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5 Ways to Avoid Physician Burnout


Are you feeling burned out? It's important to not let the monotony of the job get to you, here are some tips to recharge your batteries.

No matter what specialty you choose, eventually work can become repetitive.  As a physician, you tend to see patients with the same story or diagnosis, over and over again.  After years of patient care, there are very few clinical stories that surprise us or that we haven’t heard before.  This is what happens after decades of practice and being the grand and wise older physician.

Let's just face it: This can get pretty boring!

But by this point, we have a mortgage, kids in college, maybe we have just finished paying off our student loans and we don’t have enough saved for retirement.  We stay on the hamster wheel because the work is easy and the money is good.  But we dream of escape, which just makes our daily work even more mundane and tedious.

Burnout is a terrible waste of a great mind.  So what can you do to prevent it or repair professional exhaustion if you already have it?

Ask yourself, why did you go into medicine in the first place? Seriously re-examine your motives and reconnect with them. 

• If you went into medicine because you wanted to help others, it may a good idea for you to volunteer at a free clinic or mobile health van.  Despite improved access to healthcare, there are still so many people that are underserved and desperately need our help.

• If you chose medicine because of your inner “science nerd”, then maybe you need add some research to your career.  There are many types of clinical research you can do even in your private practice. 

• If your motive was from a personal experience, re-immersing yourself in that experience could help you find a new focus for your medical career.

Here are a few ways to avoid burnout:

1. Perhaps you need to take a break and recharge yourself?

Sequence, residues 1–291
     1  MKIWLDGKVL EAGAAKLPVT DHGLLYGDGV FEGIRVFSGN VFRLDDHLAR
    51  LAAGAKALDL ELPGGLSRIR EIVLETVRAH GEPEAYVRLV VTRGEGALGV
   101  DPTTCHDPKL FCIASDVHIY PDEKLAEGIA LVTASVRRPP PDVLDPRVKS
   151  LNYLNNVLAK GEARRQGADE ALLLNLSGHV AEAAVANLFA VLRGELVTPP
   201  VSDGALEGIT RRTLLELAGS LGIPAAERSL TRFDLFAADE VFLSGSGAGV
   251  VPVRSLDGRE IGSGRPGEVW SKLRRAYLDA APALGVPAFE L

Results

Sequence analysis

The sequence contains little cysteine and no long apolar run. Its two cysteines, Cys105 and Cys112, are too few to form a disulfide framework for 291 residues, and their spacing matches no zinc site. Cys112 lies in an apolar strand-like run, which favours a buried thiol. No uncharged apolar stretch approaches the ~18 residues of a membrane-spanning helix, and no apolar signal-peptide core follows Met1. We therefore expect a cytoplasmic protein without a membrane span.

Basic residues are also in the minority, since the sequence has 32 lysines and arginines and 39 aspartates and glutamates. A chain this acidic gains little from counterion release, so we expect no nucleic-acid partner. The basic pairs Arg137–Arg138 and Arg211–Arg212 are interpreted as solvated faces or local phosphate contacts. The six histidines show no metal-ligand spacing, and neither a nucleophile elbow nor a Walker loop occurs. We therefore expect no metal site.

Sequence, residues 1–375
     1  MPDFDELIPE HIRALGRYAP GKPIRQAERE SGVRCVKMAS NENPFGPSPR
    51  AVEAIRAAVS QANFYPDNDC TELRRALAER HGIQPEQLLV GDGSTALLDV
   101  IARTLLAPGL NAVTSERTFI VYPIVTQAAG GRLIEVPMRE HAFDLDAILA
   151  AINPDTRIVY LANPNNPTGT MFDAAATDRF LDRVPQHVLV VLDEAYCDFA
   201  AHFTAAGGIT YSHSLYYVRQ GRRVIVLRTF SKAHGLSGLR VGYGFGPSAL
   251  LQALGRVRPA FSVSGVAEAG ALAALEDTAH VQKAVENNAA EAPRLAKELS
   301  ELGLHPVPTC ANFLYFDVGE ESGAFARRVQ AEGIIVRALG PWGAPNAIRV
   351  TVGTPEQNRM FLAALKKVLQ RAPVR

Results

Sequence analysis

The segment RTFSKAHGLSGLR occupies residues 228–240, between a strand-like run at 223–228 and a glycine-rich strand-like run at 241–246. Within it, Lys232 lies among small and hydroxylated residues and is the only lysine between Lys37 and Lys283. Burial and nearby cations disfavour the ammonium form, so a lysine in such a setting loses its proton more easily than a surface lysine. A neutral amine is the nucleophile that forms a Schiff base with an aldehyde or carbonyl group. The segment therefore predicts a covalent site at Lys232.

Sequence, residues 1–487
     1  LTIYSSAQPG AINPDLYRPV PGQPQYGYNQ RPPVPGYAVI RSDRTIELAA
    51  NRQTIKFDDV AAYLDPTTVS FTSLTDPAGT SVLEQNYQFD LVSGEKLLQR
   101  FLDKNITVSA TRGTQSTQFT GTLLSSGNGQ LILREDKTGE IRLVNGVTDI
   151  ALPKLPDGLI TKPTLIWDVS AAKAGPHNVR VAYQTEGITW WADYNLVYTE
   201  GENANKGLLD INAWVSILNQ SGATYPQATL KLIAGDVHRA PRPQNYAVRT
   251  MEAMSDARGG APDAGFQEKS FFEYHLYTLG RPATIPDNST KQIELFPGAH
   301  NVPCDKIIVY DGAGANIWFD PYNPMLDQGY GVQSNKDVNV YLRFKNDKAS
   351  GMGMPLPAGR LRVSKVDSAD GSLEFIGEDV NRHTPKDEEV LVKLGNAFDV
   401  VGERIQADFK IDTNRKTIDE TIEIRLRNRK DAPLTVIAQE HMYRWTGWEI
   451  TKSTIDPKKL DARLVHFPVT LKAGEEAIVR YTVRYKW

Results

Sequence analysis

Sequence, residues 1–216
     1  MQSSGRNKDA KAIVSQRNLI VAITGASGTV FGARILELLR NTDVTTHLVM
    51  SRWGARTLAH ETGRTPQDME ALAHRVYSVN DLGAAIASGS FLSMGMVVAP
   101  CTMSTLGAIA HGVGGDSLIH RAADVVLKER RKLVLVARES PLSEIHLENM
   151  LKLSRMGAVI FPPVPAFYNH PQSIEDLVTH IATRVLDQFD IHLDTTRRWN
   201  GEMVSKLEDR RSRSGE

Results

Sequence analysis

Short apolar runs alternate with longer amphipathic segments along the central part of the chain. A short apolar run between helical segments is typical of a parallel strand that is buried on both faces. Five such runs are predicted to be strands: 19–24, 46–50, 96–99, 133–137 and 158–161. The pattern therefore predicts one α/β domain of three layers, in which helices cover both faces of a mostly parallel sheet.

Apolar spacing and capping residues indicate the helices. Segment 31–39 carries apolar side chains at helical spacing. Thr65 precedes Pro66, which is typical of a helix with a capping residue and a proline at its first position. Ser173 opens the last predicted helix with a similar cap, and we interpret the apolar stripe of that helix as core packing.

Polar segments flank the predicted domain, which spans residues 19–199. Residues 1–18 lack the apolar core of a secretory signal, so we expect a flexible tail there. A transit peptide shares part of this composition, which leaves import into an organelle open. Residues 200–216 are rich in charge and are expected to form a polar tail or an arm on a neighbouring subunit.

This may be a good time to take a sabbatical and re-examine the direction of your life. The sky is the limit as to what you choose. Go to Italy for two months to learn Italian. Hike the Appalachian Trail. Learn to cook at a top-notch cooking school. Join an international health organization to practice medicine in a needed location.  The main point is to take an extended vacation where you focus on something other than your normal daily routine.

It is entirely possible that after this time off, you may realize that you need to switch to a nonclinical career. This is not the end of the world, and in fact may just make you happy for the next part of your life!

2. Find a new direction within your specialty can help keep you engaged. I have retooled myself multiple times.  I am a general pediatrician but have varied my clinical focus over the years from breastfeeding support, pediatric obesity, and nutrition.  I have even dabbled in administrative and financial management of medical practices. I am currently changing my direction again to focus more on integrative and functional pediatric medicine.

3. If you are getting frustrated with your chronic patients continuing to not improve, especially if they are not following your advice, perhaps you should think about switching to a concierge practice model.  When people pay a small amount of copay, then your advice is worth a small amount.  If they pay for your knowledge up front and then submit to their insurance coverage, your knowledge will have a higher value.  It seems counterintuitive, but this is a well-known theory in the retail world: if it’s free, it ain’t worth nothin’!

4. As physicians, we are in a unique position.  Our education and work experience are excellent criteria for many types of non-clinical jobs that will be suited to our skills.  There are resources online that can describe some of these alternatives. It is worth looking at some options, even if you decide to not pursue this alternative.

5. Lastly, talk to someone.  I would highly advise chatting with a physician career coach.  These professional advisors are a wealth of knowledge with terrific contacts.  Even if you continue in clinical medicine, they can help you find alternatives or additions to keep you involved and interested and help prevent burnout.

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Stephanie Queen gives expert advice
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